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Research Guide: Documentation

This guide has been created to provide quick access to resources that support the research process.

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Quotation of Sources

A direct quotation is defined as, "reproduc[ing] word for word material directly quoted from another author's work" (American Psychological Association, 2010, p. 170). A direct quote is the exact words of the original author without any changes to the text unless specified (American Psychological Association, 2010).

The following guidelines may help further your understanding of when to provide an in text citation:

  • Cite direct quotations that you copy from another source
  • Cite statistics and data
  • Cite pictures, illustrations and other multimedia
  • Cite resources located in the public domain
  • Cite online sources including websites, articles, blogs, listservs, discussion boards, etc

An indirect quotation (paraphrase) is when you express an idea or concept from another author’s work in your own words. Using an indirect quote involves taking information from the original source and paraphrasing or putting it into your own words. When you paraphrase, you must also credit the original source (American Psychological Association, 2010).

The following guidelines may help you when citing indirect (paraphrase) quotations.

  • Cite all indirect or paraphrased quotes
  • Cite ideas or concepts from another author that are not your own original ideas

Common knowledge refers to information you can reasonably expect the general public to know such as widespread facts, dates or historical events.

Common knowledge does not need to be cited; however, a good practice is to speak with your instructor when you are unsure if information is common knowledge.

The following are some practices that may assist you in your research experience:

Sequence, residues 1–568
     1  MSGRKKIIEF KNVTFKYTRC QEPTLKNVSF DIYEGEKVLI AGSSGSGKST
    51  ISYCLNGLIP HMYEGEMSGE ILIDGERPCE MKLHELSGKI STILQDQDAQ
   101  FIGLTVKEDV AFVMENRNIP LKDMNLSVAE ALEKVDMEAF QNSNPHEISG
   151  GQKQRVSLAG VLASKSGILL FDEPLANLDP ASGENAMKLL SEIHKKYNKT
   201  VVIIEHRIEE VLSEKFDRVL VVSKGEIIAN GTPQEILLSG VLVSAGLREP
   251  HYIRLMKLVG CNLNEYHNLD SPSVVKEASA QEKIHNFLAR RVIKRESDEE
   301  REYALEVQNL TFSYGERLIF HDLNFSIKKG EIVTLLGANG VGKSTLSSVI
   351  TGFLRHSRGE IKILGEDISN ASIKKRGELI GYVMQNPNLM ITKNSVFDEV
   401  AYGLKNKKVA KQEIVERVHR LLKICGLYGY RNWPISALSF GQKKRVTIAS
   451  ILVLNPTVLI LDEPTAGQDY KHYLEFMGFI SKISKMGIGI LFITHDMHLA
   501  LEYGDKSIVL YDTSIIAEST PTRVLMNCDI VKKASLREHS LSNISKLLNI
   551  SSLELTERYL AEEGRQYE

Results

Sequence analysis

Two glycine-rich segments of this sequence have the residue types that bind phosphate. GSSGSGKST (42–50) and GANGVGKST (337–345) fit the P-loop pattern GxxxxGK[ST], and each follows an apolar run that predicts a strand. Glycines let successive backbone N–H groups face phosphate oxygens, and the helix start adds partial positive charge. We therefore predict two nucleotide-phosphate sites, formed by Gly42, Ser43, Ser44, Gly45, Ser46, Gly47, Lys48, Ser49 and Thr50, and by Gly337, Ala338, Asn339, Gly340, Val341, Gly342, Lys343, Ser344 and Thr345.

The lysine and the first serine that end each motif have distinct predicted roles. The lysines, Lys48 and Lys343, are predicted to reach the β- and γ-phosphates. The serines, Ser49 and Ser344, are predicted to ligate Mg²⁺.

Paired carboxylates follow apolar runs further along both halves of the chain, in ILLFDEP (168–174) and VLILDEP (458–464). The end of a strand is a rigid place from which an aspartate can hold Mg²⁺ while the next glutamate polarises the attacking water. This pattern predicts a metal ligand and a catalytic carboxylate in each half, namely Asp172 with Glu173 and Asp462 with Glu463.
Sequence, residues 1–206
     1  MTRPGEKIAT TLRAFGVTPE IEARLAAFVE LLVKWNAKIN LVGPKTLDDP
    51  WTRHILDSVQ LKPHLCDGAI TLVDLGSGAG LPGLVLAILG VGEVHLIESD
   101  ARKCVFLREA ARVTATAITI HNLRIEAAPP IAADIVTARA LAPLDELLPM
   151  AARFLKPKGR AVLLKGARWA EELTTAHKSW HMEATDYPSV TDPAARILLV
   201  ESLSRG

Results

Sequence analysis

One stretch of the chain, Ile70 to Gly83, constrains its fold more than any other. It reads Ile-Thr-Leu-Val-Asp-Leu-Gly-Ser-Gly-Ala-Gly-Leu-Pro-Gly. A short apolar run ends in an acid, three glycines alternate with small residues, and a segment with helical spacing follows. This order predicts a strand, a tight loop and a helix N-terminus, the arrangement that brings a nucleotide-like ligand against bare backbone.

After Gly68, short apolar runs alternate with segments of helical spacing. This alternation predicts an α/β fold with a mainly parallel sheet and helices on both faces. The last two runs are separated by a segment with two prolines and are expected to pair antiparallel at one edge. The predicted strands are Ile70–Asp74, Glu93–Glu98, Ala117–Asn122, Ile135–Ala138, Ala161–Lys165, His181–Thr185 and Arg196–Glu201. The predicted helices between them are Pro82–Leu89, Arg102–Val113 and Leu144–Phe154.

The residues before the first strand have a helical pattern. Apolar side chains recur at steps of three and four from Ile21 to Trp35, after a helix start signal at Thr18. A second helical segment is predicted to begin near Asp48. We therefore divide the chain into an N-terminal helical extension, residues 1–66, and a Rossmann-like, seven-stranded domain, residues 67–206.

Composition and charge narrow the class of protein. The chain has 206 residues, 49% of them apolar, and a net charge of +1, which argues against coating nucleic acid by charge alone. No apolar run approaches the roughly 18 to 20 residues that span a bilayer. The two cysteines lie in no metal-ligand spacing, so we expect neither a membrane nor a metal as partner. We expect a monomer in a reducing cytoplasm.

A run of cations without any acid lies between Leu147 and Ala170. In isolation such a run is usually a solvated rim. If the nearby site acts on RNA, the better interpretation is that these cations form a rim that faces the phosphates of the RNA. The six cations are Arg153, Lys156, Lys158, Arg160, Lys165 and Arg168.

• Practice effective note-taking
  • Keep a working bibliography to collect relevant citation information
  • Paraphrase ideas into your own words; indirect quotations require an in text citation and a complete reference
  • Refer to the text to make sure you have not unintentionally copied information
  • Use your own voice to put a new twist on old information
  • When in doubt, provide full and complete references
  • Do not rush through an assignment or paper; remember that research, writing, and citing take time
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Style Guides & Citation Tools

In order for a research paper to be complete, it must be accompanied by a bibliography. A bibliography is a list of sources that have been consulted/used for the paper. The bibliography needs to be formatted according to an established style of documentation. Consult with your instructor to determine which style to use.

Compiling a bibliography and correctly citing sources ensures honesty, integrity and completes the research paper.

Common Bibliographic Styles

Conducting research involves compiling a bibliography. It is recommended to maintain a "working bibliography" of the sources that are used. If you keep track of the information sources consulted at the early stages of the research process, developing a final bibliography will not be time consuming.  Ensure all the bibliographic information is recorded about the source (author, title, subtitle, place of publication, publisher, year of publication and issue information - if a journal).

Consult with Campus Library staff for more assistance.

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